ETech+: Technology policy and technical change, a dynamic global and UK approach

Funded by: Tyndall Centre


June 2002 to May 2004

PSI researchers:

Background, summary and aims

Background and Aims

The goal of the Tyndall Centre is to contribute interdisciplinary research to address climate change policy analysis. This project contributes several fundamental elements to this research. This is a collaborative project between PSI, the Imperial College Centre for Environmental Policy and Technology (ICCEPT), the Cambridge University Department of Applied Economics and the University of Manchester Institute of Science and Technology (UMIST). This description of the project is only concerned with the PSI elements of the project, which nevertheless inform the rest of the project’s work. For further information on the whole project see

Project Design

The project is analysing current UK climate change policy, in particular the Climate Change Levy (CCL) policy package (including the Climate Change Agreements, CCAs) and its impacts on the UK economy and technology policy. It is part of a wider investigation into the effect of relative prices on the take up of low-carbon energy technologies, including wind energy and Combined Heat and Power (CHP). The CCL analysis is estimating the announcement effect of the CCL, by re-estimating the Cambridge MDM model (run by Cambridge Econometrics) over 1970-2001 using dummy variables to simulate the effect of the CCL in the years 1998, 1999 and 2000 (after the CCL had been announced but before it had been implemented). It will also use the model to estimate the effects of the CCAs, both on carbon emissions in the relevant industrial sectors, and on the emissions required by other sectors in order to attain a given level of emission reduction, as well as on the economy. This estimate of the effectiveness of the price mechanism, in combination with other instruments, in bringing about emissions reduction will be supplemented the investigation of the price differential between the prices of low carbon technologies and fossil fuels, and the complementary policy instruments, which have been found to be effective in developing wind energy and CHP in other countries.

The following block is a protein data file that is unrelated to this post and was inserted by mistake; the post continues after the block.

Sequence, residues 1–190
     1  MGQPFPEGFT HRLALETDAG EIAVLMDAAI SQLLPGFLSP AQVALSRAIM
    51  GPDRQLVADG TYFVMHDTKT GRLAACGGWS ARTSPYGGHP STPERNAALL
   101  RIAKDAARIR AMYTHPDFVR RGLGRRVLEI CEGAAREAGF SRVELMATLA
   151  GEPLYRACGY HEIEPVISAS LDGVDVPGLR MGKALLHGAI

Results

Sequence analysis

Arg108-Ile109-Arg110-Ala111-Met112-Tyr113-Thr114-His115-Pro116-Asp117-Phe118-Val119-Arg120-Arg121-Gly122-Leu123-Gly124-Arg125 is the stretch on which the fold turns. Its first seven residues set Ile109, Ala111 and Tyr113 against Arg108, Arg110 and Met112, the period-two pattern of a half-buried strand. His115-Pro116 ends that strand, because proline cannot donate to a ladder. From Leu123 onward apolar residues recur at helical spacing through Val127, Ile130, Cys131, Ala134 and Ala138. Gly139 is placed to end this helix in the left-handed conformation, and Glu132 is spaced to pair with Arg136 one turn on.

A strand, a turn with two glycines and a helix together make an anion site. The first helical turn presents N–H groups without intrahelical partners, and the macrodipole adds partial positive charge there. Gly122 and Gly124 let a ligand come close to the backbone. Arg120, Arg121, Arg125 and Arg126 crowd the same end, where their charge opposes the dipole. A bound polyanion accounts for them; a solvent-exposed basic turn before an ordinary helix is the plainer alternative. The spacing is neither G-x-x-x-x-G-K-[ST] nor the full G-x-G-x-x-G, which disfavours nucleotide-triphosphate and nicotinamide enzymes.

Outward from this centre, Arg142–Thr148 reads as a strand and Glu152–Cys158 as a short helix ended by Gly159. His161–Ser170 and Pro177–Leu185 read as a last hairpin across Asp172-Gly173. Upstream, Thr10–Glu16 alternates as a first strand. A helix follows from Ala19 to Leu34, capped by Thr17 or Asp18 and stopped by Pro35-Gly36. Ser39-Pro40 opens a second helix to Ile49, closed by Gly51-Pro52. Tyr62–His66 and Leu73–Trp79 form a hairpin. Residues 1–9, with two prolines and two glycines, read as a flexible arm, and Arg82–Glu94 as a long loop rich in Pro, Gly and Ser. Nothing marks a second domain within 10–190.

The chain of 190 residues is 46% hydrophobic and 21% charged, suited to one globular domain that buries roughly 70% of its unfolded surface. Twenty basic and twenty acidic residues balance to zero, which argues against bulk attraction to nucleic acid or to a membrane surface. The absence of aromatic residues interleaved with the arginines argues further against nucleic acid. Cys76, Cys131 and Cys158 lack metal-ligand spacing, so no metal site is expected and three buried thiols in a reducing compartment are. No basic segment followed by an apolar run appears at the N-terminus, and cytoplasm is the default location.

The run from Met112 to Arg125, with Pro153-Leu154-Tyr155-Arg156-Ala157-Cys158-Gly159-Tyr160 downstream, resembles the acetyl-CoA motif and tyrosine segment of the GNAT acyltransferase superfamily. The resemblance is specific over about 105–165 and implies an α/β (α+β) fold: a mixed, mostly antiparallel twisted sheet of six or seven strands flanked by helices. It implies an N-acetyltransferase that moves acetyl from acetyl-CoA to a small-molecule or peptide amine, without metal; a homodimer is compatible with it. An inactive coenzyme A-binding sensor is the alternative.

Importance of Research

The work is clearly important in relation to UK climate change policy, which is seeking the most cost-effective combination of policy instruments to achieve its emission reduction targets. In addition, it will contribute insights to the effectiveness more generally of the price mechanism in stimulating technological change in a social desirable direction. It will also feed into the overall modelling endeavour that is an important component of the overall Tyndall research strategy.

For further information about this project please contact Paolo Agnolucci